Aggressive medical management of acute traumatic subdural hematomas before emergency craniotomy in patients presenting with bilateral unreactive pupils. A cohort study
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The outcome of patients with severe traumatic brain injury (TBI) and acute traumatic subdural hematoma (aSDH) admitted to the emergency room with bilaterally dilated, unreactive pupils (bilateral mydriasis) is notoriously poor.
Of 2074 TBI patients consecutively admitted to our facility between 1997 and 2012, 115 had a first CT scan with aSDH, unreactive bilateral mydriasis, and a Glasgow Coma Score of 3 or 4. Sixty-two patients were unoperated and died within hours or a few days. The remaining 53 patients (2.5% of the 2074 consecutive patients) were scheduled for emergent evacuation of the aSDH. We compared three different dosages of mannitol to landmark different comprehensive levels of treatment: (1) a “basic” level of treatment characterized by a single conventional dose (18 to 36 g), (2) “reinforced” treatment landmarked by a single high dose (54 to 72 g), and (3) “aggressive” treatment landmarked by a single high dose (90 to 106 g). Doses above 36 g were administered intravenously over a period of 5 min.
Of the 53 selected patients, 7 were aggressively managed (13.2%) and 24 (45.3%) received reinforced treatment. Rates of hyperventilation and barbiturate bolus administration were appropriately associated with increasing doses of mannitol. After adjustment for age, aggressive management was significantly associated with a lower risk of death and persistent vegetative state [adjusted OR 0.016 (95% 0.001–0.405)]. Patients surviving after aggressive management suffered more severe disability at 1 year.
The study shows an association between reduced mortality and persistent vegetative state, albeit at the cost of increased long-term severe disability in survivors, and aggressive medical preoperative management of mydriatic patients with aSDH following TBI.
KeywordsBrain injuries Mannitol Mydriasis Outcome Subdural hematoma Transtentorial herniation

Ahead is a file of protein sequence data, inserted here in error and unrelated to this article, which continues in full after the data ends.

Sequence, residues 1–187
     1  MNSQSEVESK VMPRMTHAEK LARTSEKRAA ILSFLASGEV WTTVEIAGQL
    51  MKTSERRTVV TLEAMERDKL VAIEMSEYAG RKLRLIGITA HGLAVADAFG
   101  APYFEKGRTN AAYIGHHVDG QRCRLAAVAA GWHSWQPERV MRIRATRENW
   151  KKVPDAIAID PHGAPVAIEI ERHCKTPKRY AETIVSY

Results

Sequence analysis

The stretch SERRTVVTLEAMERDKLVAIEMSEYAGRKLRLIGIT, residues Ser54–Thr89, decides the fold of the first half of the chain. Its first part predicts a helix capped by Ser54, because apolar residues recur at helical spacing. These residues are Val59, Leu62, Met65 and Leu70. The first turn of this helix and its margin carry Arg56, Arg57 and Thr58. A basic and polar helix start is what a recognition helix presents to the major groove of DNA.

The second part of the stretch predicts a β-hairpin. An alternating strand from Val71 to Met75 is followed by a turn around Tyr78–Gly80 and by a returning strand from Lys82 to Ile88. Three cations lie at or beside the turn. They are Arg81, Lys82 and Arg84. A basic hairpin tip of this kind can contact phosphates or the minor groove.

We are grateful to Maurizio Ravaldini (RN) (Unità Operativa Anestesia e Rianimazione, Rianimazione per la Traumatologia e le Neuroscienze, Ospedale Bufalini, AUSL Romagna, Cesena, Italy) for daily assistance and development of our local TBI patient database.
We also are grateful to Laila Portolani (Head Nurse), Giulia Paci (RN), Wilma Benedettini (RN), Diletta Castagnoli (RN), Silvia Chiesa (RN), Veruska Pransani (RN), and Sara Salvigni (RN) (Unità Operativa Anestesia e Rianimazione, Rianimazione per la Traumatologia e le Neuroscienze, Ospedale Bufalini, AUSL Romagna, Cesena, Italy) for collecting patient outcomes at 1 year.
We are also grateful to Erika Cordella (MD), Silvia Olivieri (MD), and Giuseppe Sabia (MD) (Unità Operativa Anestesia e Rianimazione, Rianimazione per la Traumatologia e le Neuroscienze, Ospedale Bufalini, AUSL Romagna, Cesena, Italy) who participated in prospective data collection for the local trauma registry.
Compliance with ethical standards
No funding was received for this research.
Conflicts of interest
All authors certify that they have no affiliations with or involvement in any organization or entity with any financial interest (such as honoraria; educational grants; participation in speakers’ bureaus; membership, employment, consultancies, stock ownership, or other equity interest; and expert testimony or patent licensing arrangements), or nonfinancial interest (such as personal or professional relationships, affiliations, knowledge or beliefs) in the subject matter or materials discussed in this manuscript.
All procedures performed in studies involving human participants were in accordance with the ethical standards of the institutional and/or national research committee and with the 1964 Helsinki Declaration and its later amendments or comparable ethical standards.
For this type of study formal consent is not required.
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